Director/choreographer Donna Feore’s lively, passionate, cornball-filled (lines: “I’m beside myself” never funnier; physical: think The Three Stooges Meet Monty Python) production of this Gershwin songbook where—like Whose Line Is it Anyway?—the points (in this case plot points) don’t matter, is long on energy and short on razor-sharp precision. But for those who love well-known tunes from the past (“Embraceable You” through “I Got Rhythm” to “Nice Work if You Can Get it”) and an invitation to the silly side of theatre (bookended as this show is during opening week between the madness of King Lear and the treacherous duplicity of King John—cross-reference below) this escape from reality is bound to entertain.
What absolutely ironical fun that—after some of the collectively messiest tap dancing yet seen/heard in Stratford coupled with first night pitch jitters by chorus and leads alike—it took Michael McLennan’s acoustic—no reinforcement required—stand-up bass artistry to light the fire under this fascinatin’ ensemble, delivering the first (“Slap that Bass”) of just two vrai showstoppers (the other, “Stiff Upper Lip” deservedly brought the house down midway through Act II), sending the Festival Theatre into a riotous frenzy when everything clicked in an unforgettable way. Not surprisingly, both numbers left the tap shoes in the wings, allowing the company to strut their stuff in far more suitable footwear for everyone’s skill sets—which are considerable when used to best advantage—rather than highlight the decided lack of unanimity as the sound of every tap bounces off the well-treated thrust stage.
As to the leads, Natalie Daradich is a visual delight playing Polly Baker. She can dance up a storm and has a dramatic range of delivery that covers the emotional spectrum and then some. But when the music calms down into the realm of poignant ballads (“Someone to Watch Over Me”), a somewhat slower vibrato and much more support, far less push to the top are all that’s required to reach triple-threat status. Leading man Josh Franklin has a similar problem as banker-wannabe-dancer Bobby Child in his excursions to the melodic stratosphere (like ALL CAPS in print, the penchant for so many singers these days to squeeze rather than release too often gives their songs an edge that the composers never imagined: Cleo Laine and Ella Fitzgerald are but two shining examples of grate-free, ever-intense art) but everything else is Broadway Grade A quality.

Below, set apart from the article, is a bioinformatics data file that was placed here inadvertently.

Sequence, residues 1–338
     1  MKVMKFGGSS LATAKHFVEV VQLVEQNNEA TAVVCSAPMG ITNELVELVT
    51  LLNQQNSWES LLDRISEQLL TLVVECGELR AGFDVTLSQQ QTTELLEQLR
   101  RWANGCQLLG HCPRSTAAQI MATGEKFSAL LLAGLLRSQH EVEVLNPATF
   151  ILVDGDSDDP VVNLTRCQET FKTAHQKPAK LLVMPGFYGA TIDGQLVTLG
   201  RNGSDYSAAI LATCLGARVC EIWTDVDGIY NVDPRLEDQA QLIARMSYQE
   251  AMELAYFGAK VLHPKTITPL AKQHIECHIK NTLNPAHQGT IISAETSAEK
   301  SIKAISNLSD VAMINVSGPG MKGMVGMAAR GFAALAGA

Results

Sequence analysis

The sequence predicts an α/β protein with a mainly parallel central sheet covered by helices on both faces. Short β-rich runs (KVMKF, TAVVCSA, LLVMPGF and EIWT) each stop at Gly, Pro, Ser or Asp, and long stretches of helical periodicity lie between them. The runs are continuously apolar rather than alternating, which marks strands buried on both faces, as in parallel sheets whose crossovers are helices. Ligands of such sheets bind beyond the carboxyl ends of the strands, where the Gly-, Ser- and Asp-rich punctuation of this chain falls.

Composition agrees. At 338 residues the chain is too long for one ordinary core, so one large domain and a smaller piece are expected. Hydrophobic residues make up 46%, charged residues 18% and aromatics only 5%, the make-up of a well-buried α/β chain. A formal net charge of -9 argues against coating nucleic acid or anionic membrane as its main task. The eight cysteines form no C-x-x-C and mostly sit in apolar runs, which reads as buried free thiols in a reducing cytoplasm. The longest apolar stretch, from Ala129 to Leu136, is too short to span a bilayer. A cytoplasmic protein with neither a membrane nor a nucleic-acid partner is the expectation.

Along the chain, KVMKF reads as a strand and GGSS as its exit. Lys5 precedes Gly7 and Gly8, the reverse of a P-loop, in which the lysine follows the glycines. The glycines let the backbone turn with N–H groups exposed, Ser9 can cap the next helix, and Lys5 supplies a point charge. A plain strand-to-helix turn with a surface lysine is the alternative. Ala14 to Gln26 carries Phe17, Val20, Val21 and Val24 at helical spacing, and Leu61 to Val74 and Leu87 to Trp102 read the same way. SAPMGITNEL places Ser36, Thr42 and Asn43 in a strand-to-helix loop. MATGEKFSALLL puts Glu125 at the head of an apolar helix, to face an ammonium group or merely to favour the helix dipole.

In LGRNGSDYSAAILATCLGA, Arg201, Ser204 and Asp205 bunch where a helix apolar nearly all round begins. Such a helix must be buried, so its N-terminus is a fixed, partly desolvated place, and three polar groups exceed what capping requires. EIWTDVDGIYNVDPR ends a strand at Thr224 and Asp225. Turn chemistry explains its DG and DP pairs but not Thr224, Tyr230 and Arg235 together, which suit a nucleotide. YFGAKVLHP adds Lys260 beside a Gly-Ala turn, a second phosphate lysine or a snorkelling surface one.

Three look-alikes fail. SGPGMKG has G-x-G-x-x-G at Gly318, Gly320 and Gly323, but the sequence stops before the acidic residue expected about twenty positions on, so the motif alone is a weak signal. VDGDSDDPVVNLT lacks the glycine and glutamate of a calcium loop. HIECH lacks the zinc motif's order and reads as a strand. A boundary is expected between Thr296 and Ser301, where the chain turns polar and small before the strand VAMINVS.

Tom Rooney gives a great turn to anything-goes (on stage and off) producer Bela Zangler; while too-long-by-half, his pas de peach with lookalike, alter ego Child has some of the funniest moments in the production. Still, less is more.
Robin Hutton is appropriately overbearing and opportunistic as required playing Child’s alleged intended, Irene Roth, and delivers the most consistent singing of the lot (“Naughty Baby” indeed). Monique Lund and Shawn Wright are spot-on ridiculous as the travel hounds, Patricia and Eugene Fodor. Steve Ross harvests several yuks as Moose while Shane Carty sets just the right tone as “bad guy” Lank Hawkins.
Conductor Shelley Hanson does her level best keeping both the orchestra and the voices in sync. The follies girls slip the leash a few times in the early going (“I Can’t Be Bothered Now”); the cowboys fare much better anchored by Stephen Cota and featuring the balletic athleticism of Jason Sermonia who went for and reached excitement gold in the non-tap extravaganzas. Theirs is the kind of talent so very much needed at the Shaw Festival for its music theatre excursions (cross-reference below).
The opening night crowd, once the bass was most assuredly laid down, realized most certainly “Tonight’s the Night” and that “Things Are Looking Up!” JWR